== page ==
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other rivals. so, you know, their argument is we have to get bigger in order to compete and the government's argument is if you allow them to get this big, they will be able to deny that content to a rival and you can only get hbo potentially on direct tv versus comcast if they didn't agree to pay higher prices. >> what this would mean for consumers, this might be oversimplifying but it's like if wal-mart would want to buy legos and control the market, how would this affect consumers who get their entertainment not through time warner? >> what would happen at comcast-at&t universal is the government asked for conditions, comcast had to agree not to treat how it used that differently and other rival distributors. at&t raised questions about that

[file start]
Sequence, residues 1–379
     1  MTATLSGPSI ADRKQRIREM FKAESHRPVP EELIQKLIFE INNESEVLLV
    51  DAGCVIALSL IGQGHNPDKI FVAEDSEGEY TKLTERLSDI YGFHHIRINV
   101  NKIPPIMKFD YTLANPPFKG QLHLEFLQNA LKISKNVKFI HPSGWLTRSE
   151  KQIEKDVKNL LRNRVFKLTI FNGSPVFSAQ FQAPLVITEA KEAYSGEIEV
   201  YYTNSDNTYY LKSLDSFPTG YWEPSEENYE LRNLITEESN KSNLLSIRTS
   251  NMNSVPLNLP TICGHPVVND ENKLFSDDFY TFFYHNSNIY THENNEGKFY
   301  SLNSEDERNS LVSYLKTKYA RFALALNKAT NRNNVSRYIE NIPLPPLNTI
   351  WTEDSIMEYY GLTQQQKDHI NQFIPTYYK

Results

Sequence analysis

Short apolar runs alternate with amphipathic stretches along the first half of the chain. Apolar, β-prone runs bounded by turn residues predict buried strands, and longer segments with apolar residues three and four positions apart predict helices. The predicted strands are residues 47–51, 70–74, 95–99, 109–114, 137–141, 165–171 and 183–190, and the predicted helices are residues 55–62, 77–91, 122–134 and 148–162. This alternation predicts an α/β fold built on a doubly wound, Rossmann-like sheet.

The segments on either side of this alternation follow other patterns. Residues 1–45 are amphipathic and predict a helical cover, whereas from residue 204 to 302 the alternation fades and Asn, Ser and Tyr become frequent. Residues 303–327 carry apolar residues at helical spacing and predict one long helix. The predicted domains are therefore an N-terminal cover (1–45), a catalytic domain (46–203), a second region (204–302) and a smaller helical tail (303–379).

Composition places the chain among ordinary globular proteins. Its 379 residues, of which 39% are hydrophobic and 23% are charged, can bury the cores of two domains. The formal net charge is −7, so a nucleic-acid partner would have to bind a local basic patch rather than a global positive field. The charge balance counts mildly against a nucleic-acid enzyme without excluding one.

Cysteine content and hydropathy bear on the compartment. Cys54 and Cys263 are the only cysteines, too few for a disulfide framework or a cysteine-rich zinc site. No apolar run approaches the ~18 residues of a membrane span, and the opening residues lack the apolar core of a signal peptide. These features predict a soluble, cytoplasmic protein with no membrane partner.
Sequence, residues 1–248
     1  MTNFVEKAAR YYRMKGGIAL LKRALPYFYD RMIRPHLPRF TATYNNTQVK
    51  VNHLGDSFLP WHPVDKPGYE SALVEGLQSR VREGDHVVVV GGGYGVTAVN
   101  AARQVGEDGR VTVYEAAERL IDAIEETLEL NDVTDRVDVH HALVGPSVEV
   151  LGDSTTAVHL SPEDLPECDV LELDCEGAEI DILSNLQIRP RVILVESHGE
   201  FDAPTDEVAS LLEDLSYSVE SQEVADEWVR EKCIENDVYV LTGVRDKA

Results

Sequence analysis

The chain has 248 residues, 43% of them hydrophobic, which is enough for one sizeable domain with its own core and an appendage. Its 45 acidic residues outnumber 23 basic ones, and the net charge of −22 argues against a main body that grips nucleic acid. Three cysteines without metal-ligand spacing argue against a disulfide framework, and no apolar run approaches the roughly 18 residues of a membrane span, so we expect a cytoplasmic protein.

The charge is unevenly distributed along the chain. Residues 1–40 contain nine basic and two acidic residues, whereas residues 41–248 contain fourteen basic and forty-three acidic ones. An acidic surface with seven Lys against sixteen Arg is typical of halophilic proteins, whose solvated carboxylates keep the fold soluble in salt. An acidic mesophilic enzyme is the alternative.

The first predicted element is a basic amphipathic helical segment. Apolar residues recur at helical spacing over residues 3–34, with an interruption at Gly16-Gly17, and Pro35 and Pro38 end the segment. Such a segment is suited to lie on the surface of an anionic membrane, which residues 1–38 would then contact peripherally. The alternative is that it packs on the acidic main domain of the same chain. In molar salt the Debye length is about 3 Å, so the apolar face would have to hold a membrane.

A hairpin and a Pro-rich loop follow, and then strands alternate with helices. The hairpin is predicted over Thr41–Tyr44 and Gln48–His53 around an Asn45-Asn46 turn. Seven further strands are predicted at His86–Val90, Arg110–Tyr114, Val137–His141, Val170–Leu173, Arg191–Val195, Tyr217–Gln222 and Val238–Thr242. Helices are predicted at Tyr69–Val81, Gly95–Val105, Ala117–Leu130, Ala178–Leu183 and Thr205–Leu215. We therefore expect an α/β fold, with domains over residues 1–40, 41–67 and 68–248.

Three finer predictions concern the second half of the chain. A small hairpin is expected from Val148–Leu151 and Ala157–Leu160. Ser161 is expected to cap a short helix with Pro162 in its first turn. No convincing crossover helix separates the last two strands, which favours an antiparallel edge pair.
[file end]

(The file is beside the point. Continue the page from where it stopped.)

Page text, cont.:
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in 2011. so, you know, the difference is here is the government is not seeking behavioral condition but rath tore sell off certain assets. they asked at&t to sell off direct tv or turner broadcasting which includes cnn so they get smaller rather than agree to behavioral changes. >> have the opportunity to affect the marketplaces. you talk about the cnn factor here and the timing of that. >> last week the president was criticizing cnn. as a candidate in 2016, then candidate trump said he would not allow the merger to go through. since then he's not directly commented but at&t will clearly make whether the president exercised influence over the justice department as a result of the anger with cnn as part of the case, that's an open question whether the judge will agree. >> what a case. thank you for joining us. >> thank you.